While Delhi has the Asola Bhati sanctuary in the Aravali hills and Rajasthan has the Sariska  Tiger Reserve, the intervening Aravali areas in Haryana have no sanctuary or national park. Aravalis adjoining Delhi especially along Gurgaon- Faridabad highway connects Asola Bhati with the rest of the patchy jungle belt of Haryana and Rajasthan. It can serve as an important wildlife corridor, if conserved. In my opinion, Aravalis have been the leopards’ traditional habitat. There is enough wild prey in the scrub forest. There are ravines too which make it perfect for leopards to live stealthily.

In November, 2014 a fully grown leopard was attempting to pass through the Delhi-Jaipur highway, having very little idea of what was going to transpire. The next few minutes brought with it the most terrible sight when an unidentified speeding vehicle ran over the animal making it lifeless. The tragic fate of leopards has probably just started to unfold. In December 2014, an adult male leopard had been paying surprise visits to the villagers of Abupur, Ghaziabad and wandering around the sugarcane fields keeping terrified villagers at bay. After a few days of sightings, its dead body was discovered in the sugarcane fields near the railway track. Just a day before that incident another leopard carcass was found near Pachehra village in Loni, Ghaziabad. Although any foul play was ruled out by the forest department, the animal had reportedly died because of coming in contact with high voltage wires lade by someone.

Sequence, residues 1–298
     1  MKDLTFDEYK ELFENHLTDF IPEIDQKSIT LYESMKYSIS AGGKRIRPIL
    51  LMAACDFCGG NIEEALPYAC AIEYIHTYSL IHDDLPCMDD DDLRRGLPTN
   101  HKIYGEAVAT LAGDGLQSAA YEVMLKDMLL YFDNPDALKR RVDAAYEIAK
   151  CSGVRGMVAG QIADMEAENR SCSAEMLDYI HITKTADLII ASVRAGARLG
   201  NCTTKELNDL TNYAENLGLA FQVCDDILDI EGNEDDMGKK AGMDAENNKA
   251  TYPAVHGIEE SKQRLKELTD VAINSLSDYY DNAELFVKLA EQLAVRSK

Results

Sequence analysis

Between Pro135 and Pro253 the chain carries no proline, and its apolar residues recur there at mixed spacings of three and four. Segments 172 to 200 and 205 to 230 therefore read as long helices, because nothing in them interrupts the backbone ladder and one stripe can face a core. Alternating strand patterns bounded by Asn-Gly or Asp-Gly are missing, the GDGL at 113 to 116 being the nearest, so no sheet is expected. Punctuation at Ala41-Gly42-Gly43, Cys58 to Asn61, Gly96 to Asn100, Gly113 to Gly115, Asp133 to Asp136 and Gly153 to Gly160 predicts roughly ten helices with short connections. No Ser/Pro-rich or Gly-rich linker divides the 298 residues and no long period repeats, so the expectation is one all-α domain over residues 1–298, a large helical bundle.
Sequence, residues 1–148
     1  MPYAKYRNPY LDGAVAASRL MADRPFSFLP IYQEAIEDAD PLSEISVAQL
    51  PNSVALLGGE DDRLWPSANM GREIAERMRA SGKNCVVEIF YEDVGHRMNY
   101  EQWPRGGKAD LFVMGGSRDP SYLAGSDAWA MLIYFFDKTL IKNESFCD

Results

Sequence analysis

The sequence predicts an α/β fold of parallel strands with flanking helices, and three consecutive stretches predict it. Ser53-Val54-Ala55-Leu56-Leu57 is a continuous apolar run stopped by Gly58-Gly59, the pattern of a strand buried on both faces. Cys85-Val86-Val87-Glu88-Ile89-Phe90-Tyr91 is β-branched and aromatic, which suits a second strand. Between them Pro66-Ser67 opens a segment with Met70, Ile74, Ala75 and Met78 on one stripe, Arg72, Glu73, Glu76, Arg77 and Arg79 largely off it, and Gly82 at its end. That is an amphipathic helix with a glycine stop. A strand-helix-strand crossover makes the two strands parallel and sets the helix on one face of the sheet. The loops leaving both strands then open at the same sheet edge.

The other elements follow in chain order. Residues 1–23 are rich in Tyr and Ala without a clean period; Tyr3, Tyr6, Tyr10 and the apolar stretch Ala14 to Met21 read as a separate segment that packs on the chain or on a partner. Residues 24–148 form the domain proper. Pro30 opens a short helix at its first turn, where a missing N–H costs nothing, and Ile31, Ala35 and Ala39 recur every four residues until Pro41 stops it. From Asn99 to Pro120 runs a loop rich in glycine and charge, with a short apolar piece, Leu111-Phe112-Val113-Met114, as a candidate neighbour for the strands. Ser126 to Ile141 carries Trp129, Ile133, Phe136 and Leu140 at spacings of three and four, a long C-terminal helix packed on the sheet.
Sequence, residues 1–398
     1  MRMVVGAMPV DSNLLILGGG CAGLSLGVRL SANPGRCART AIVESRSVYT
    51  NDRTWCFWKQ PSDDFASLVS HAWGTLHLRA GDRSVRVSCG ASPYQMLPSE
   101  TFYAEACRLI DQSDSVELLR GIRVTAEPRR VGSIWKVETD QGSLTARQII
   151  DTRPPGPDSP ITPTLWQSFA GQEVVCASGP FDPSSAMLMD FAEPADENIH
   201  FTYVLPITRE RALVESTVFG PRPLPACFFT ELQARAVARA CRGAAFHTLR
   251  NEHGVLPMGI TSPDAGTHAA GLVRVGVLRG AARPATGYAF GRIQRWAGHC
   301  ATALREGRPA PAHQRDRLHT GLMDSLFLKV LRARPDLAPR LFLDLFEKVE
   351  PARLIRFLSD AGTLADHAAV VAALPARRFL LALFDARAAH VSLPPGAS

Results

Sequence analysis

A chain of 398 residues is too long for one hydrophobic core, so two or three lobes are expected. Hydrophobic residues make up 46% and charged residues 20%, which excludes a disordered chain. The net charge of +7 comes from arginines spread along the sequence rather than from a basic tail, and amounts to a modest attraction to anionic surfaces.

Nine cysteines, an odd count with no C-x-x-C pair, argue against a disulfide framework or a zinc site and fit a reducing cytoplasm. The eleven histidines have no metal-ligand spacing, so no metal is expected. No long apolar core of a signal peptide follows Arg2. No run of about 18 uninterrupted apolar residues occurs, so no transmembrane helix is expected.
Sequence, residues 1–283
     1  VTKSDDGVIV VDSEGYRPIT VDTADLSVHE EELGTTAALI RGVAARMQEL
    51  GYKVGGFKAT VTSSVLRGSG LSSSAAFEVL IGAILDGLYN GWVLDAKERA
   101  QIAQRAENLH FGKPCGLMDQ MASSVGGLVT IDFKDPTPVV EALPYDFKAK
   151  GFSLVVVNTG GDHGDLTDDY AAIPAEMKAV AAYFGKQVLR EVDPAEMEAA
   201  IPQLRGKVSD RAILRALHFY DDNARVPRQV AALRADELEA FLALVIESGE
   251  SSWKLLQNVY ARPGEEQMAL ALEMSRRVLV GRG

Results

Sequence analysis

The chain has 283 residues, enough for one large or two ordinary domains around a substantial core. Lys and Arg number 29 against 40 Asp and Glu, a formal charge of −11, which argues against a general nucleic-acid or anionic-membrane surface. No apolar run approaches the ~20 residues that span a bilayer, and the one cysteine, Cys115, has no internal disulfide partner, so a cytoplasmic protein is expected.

Last week February 2015 while taking a stroll behind my ashram on the fringes of Asola wildlife century I was thrilled to see the re-emergence of pugmarks of another female leopard. I have had the privilege of living and sharing great moments with leopards in the forests. It is one of the most beautiful creations around us. We just need a little understanding to give it space to live.

It is estimated that Haryana houses about 25 or so leopards but the major challenge is to ensure their safety. One of the threats comes from some major roads passing through the leopard habitat  (NH-8, Palwal-Sohna-Rewari, Gurgaon-Faridabad highway etc). While in a population of over 2 crores, not even a single human being was killed by the leopard, in last two years, total of nine leopards constituting perhaps a large part of its total population has been exterminated by our so called civilized race. It is tragic to see our intolerant and ignorant behavior.

Is it the leopard, which seems to have forgotten its territory and dares to venture in the urban settlements or is it the authorities who are not able to put a halt on the rising number of leopard deaths? There does not seem to be a definite answer for the same but ensuring safe and rich prey base in leopard corridors is a need of the hour. The fragmented corridors need to be linked so that a larger habitat is available for the leopards giving them fewer chances of straying and ending up being prey to urbanization.

It’s a universal truth that if humans destroy wildlife and its habitat, the leopards will get even closer and that too without any prior notice. We must preserve its viable population by preserving some wilderness around us.